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Dan Sheehan, a 27-year-old writer in Los Angeles, has felt a palpable shift in the dating world over the last six months compared to the last time he was single two years ago.
When the bill comes on a first date, he doesn’t jump to grab it first.
Drinks with a potential partner can feel like a “job interview,” he said, and people on dating apps are flaking on meet-ups more often.
That’s partly due to the monotony of online dating, but the tense political climate, the depressing news cycle, and the discourse surrounding #Me Too — a movement meant to highlight women’s experiences with sexual assault and unwanted sexual advances — have put a damper on the dating experience, he said. “In and of itself dating is kind of exhausting even when there isn’t a larger political movement around it, so I think having to do it in addition to being reminded of this terrible stuff going on is hard,” he said.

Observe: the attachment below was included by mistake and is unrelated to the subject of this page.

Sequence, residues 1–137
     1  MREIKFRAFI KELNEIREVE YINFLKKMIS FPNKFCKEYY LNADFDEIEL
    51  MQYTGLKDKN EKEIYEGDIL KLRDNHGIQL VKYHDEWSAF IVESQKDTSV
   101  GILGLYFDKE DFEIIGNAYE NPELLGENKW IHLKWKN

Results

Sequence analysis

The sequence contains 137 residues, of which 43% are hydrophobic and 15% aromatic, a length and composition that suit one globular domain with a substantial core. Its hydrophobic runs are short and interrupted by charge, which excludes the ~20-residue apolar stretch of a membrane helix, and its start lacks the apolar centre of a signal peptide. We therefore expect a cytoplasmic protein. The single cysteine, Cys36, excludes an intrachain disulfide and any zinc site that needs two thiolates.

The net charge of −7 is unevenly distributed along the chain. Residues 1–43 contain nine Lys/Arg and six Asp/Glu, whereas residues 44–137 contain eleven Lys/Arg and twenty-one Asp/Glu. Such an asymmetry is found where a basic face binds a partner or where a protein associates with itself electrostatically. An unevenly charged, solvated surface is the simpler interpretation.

That #Me Too-fueled chilling effect adds another layer of dreariness to the already monotonous and soul-crushing world of online dating, which is now a billion-dollar industry.
It pays to have singletons coming back for more dates and swiping in location-based apps, but it also makes dating far more random, tedious, and perilous.
Men and women must navigate new rules on dates Single Americans say they are “extremely confused” about dating, particularly in the past three months following the #Me Too movement, a recent survey of 3,000 singletons by dating service Three Day Rule found.
What if a man reaches across the dinner table and takes her hand, or moves in for a kiss across the bar without warning?
Is that natural behavior on a date after a few drinks or totally unacceptable?